After a very fun live rendition of “The Price is Right” with Saucy Queen Michele Northrup, we had a bit of time before dinner.
Ah, dinner. Nothing says you’re about to dine well like multiple wine glasses lined up at your place setting! After food all day (most of it not shown here), we sat down to a family style dinner of Certified Angus Beef with roasted garlic, asparagus, collards, fingerling potatoes and the most heavenly whipped sweet potatoes. Here’s a photo of my first plate. (Yep, you read that right!) Later, I just spread the roasted garlic like butter on top of the beef. #PleaseSirCanIHaveMore While I enjoyed all three of the Hess Collection wines, the Hess Treo really stood out and was scrumptious with the beef. #YesPlease [Wait, is there a job where you get paid to be a professional eater? I may have that one covered hands down!] I didn’t have room for dessert, so enjoyed watching folks do the Idaho Potato Spuds singing game while being taped, which was hysterical fun. But when the blogger I roomed with told me Rosen had made the top two winning recipes from the Dixie Crystals blogging contest for dessert and I missed Tiramisu, one would think I hadn’t eaten all day! I was truly sad. #FirstWorldFoodieProblems
Sunday was at the Rosen College of Hospitality Management, right next to their resort. The sessions were like classes, where you picked from four for any given time period. The problem? Some sessions I wanted to go to three of the four! I ended up in the Cheese & Wine Pairing sponsored by Cabot and Hess Collections. Thought I already knew a lot about cheese; I was wrong. Did you know cheese is graded in some of the same terms as wine is (acidity, fruitiness, etc.)? And that different cheeses with different wines can make one or the other taste really bad? I learned that and a lot more.
My other favorite session on Sunday was sponsored by Certified Angus Beef, where we saw a live demo with Chef Michael Ollier and got some great advice on preparing beef. #1 tip: Do not cut meat while cooking to see if it’s done! Use a meat thermometer to reach the desired state of doneness (130 before resting for medium rare). Another great tip is to sear both sides quickly to seal in juices, and then finish cooking slowly.
I loved my three days at the 2015 Food and Wine Conference! Why? Because I saw people sharing best business practices, learning a great deal about food and wine, and celebrating their entrepreneurship, regardless of where they are in the journey. Learned I really need to up my photography game if I ever want to make money from a blog! What a lot of people don’t realize about blogging is you have to know and do everything: from web technology/platforms, to social media, to marketing, finances & accounting, and everything in between. If you want to learn how, and talk to people who are doing it, then plan to attend the 2016 Food and Wine Conference because you will meet them, and they will share their secret recipes! I met some truly wonderful people at #FWCon … Foodies are great people!!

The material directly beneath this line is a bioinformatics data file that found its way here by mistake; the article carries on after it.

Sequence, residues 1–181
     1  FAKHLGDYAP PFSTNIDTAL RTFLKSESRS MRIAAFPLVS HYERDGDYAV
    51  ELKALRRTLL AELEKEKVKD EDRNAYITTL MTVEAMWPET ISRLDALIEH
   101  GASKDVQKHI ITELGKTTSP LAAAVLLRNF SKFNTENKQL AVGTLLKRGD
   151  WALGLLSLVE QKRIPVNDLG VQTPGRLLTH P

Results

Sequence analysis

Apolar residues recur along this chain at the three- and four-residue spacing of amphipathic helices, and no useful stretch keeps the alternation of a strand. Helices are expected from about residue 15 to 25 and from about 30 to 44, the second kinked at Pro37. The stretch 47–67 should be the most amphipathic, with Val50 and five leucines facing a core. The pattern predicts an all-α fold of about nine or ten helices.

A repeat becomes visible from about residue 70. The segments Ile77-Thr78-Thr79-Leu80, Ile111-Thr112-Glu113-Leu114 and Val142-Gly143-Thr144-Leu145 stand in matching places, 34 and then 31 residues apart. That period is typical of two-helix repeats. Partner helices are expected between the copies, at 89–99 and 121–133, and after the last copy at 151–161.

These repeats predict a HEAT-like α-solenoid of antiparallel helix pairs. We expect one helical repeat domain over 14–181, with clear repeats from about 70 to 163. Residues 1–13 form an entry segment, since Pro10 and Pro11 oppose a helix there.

Isabel asked, “What was your favorite quote from #FWCon?” Both of mine came from @SaucyQueen: After “Johnny” told every Price Is Right winner what they won, Michele added, “And a bottle of hot sauce!” (Did I mention I love me some hot sauce?) She also said, “The best advice I can give you is if you have a good idea, ‘Don’t Hesitate!'” Sound advice for life! Bon Appetit 🙂
My Facebook Food And Wine Conference Photo Album.
The complete 2015 schedule.
Michael Gray, COO of Champion Solutions Group, said, “I think women are better leaders,” during a leadership panel discussion at the Central FL Women In Technology International (WITI) meeting Tuesday evening at Mise En Place in Tampa. Now granted, he was speaking to a room full of women. Champion Solutions Group, an IT infrastructure consulting company, hosted a forum on leadership in IT, which was moderated by Kathleen Long, Director of Web Services at the University of South Florida. Debbie Brenner, VP of Professional Services, and Mr. Gray shared the conversation they had about this on their drive up from Miami to Tampa that day. (Photo L-R: Debbie Brenner, Michael Gray, Kathleen Long, Kelly Oliver, Network Director of WITI Central FL.) Michael said, “Since men are so competitive, and always want to win, they’re more: ‘Ready. Aim. Fire.’ Women, like Debbie for example, take copious notes covering all the details, analyze the information and come up with a plan.”
Michael, a former IBMer of twenty plus years, spoke about how he always knew what position he wanted next at IBM. Having grown up at Xerox, I understood; many Fortune 500 global companies have developmental action plans to grow their people. It’s expected you advance every two – three years, depending on area and performance.